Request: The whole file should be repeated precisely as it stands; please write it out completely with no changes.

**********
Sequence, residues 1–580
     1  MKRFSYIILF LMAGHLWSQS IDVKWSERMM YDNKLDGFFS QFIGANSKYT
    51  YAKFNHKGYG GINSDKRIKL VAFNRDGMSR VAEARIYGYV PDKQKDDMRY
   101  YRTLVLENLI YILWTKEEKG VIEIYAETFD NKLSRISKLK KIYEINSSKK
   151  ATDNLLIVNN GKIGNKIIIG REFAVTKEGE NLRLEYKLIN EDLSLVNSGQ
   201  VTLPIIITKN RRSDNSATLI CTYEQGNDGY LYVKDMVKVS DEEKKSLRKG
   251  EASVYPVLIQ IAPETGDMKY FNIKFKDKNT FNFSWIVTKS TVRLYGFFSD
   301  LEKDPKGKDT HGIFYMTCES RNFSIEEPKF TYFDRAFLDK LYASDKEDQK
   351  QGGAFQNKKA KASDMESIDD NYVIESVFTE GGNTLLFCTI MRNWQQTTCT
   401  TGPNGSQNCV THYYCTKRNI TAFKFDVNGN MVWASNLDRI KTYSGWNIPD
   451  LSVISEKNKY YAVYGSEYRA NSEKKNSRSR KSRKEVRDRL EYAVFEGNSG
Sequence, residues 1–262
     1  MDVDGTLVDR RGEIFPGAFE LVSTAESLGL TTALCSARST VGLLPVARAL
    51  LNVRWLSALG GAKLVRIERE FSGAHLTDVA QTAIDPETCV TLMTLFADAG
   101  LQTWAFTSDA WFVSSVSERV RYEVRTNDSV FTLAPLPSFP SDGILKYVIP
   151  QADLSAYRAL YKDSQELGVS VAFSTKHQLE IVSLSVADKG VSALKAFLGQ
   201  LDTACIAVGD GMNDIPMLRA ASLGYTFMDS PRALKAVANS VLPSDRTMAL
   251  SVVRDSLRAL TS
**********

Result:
Sequence, residues 1–580
     1  MKRFSYIILF LMAGHLWSQS IDVKWSERMM YDNKLDGFFS QFIGANSKYT
    51  YAKFNHKGYG GINSDKRIKL VAFNRDGMSR VAEARIYGYV PDKQKDDMRY
   101  YRTLVLENLI YILWTKEEKG VIEIYAETFD NKLSRISKLK KIYEINSSKK
   151  ATDNLLIVNN GKIGNKIIIG REFAVTKEGE NLRLEYKLIN EDLSLVNSGQ
   201  VTLPIIITKN RRSDNSATLI CTYEQGNDGY LYVKDMVKVS DEEKKSLRKG
   251  EASVYPVLIQ IAPETGDMKY FNIKFKDKNT FNFSWIVTKS TVRLYGFFSD
   301  LEKDPKGKDT HGIFYMTCES RNFSIEEPKF TYFDRAFLDK LYASDKEDQK
   351  QGGAFQNKKA KASDMESIDD NYVIESVFTE GGNTLLFCTI MRNWQQTTCT
   401  TGPNGSQNCV THYYCTKRNI TAFKFDVNGN MVWASNLDRI KTYSGWNIPD
   451  LSVISEKNKY YAVYGSEYRA NSEKKNSRSR KSRKEVRDRL EYAVFEGNSG
Sequence, residues 1–262
     1  MDVDGTLVDR RGEIFPGAFE LVSTAESLGL TTALCSARST VGLLPVARAL
    51  LNVRWLSALG GAKLVRIERE FSGAHLTDVA QTAIDPETCV TLMTLFADAG
   101  LQTWAFTSDA WFVSSVSERV RYEVRTNDSV FTLAPLPSFP SDGILKYVIP
   151  QADLSAYRAL YKDSQELGVS VAFSTKHQLE IVSLSVADKG VSALKAFLGQ
   201  LDTACIAVGD GMNDIPMLRA ASLGYTFMDS PRALKAVANS VLPSDRTMAL
   251  SVVRDSLRAL TS